My time on Movellas all started last summer, in the holidays.  I was at home with nothing to do, so decided to try my hand at some creative writing – a sort of spur of the moment thing. I had done creative writing before, but only as school work. I enjoyed myself, writing the first couple of chapters of what turned out to be a romance novel. It got to the point where I really wanted some feedback on my writing,  but I knew that if I was to ask family or friends for their opinion, it might be biased.

A good friend of mine who wants to pursue creative writing as a career had told me about the site before and how she enjoyed sharing her writing on there and getting honest feedback. I decided to make an account and try my luck. If other members liked my story, then it would give me the confidence to carry on writing as a hobby, and if they didn't like it, well, there would be no harm done, but it would be good to be writing for a real audience.

After a day of having my account open with my story up, I was already receiving favourable comments. People were favouriting my writing, fanning me, and even asking for more.  I found myself with the unexpected problem though - writers' block. I could always wait a while and try again later, but the feeling all the supportive comments gave me, and the fact that people thought I had a real talent was amazing.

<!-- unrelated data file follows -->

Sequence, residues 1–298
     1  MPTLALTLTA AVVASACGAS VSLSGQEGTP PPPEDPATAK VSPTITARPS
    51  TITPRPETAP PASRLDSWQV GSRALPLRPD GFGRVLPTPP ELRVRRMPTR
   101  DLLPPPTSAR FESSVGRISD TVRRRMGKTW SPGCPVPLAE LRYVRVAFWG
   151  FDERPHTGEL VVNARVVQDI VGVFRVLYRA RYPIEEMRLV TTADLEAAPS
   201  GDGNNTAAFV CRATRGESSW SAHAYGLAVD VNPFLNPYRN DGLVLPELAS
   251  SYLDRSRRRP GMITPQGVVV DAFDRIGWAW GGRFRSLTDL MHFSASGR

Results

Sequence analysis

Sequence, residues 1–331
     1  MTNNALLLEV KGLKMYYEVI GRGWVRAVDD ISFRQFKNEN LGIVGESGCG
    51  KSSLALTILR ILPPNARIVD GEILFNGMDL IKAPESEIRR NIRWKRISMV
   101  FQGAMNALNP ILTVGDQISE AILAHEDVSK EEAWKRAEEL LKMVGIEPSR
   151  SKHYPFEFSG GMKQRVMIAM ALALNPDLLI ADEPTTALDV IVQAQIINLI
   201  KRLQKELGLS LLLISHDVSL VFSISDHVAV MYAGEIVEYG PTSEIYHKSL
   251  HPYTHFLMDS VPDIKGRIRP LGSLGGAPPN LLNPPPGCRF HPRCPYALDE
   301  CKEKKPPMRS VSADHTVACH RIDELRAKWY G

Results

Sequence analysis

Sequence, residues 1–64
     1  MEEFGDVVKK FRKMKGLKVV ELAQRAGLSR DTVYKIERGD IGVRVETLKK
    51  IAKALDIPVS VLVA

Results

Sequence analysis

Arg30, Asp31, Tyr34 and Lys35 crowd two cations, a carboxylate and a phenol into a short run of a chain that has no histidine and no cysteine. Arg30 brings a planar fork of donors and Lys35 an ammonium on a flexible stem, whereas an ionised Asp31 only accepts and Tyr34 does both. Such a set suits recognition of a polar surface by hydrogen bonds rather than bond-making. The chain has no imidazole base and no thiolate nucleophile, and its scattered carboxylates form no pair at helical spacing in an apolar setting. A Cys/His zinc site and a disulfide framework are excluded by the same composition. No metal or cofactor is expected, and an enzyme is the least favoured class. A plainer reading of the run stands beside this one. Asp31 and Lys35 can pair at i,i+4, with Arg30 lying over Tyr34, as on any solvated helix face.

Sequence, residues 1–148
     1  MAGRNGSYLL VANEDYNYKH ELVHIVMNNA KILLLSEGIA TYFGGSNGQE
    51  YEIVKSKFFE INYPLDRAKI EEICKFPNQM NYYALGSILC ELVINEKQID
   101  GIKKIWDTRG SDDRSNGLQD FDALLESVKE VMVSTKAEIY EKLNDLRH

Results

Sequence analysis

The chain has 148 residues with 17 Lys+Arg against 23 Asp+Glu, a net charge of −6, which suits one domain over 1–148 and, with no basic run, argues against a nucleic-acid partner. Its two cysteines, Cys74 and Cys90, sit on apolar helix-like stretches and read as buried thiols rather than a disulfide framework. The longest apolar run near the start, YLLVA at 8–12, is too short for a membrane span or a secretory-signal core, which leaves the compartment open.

My other passion is for music. I love composing and I write songs, which of course have lyrics. I had the idea of posting my song lyrics as poems on the site, to see if other people liked them. By now, having not only a story, but poems on my profile as well, I was accessing a wider audience. I did wonder whether or not everyone was just being nice, and if they tended to avoid criticism on the site, so that they would only get flattering comments about their work in return, but if you scroll through the site you can see that users in fact do not fight shy of constructive criticism.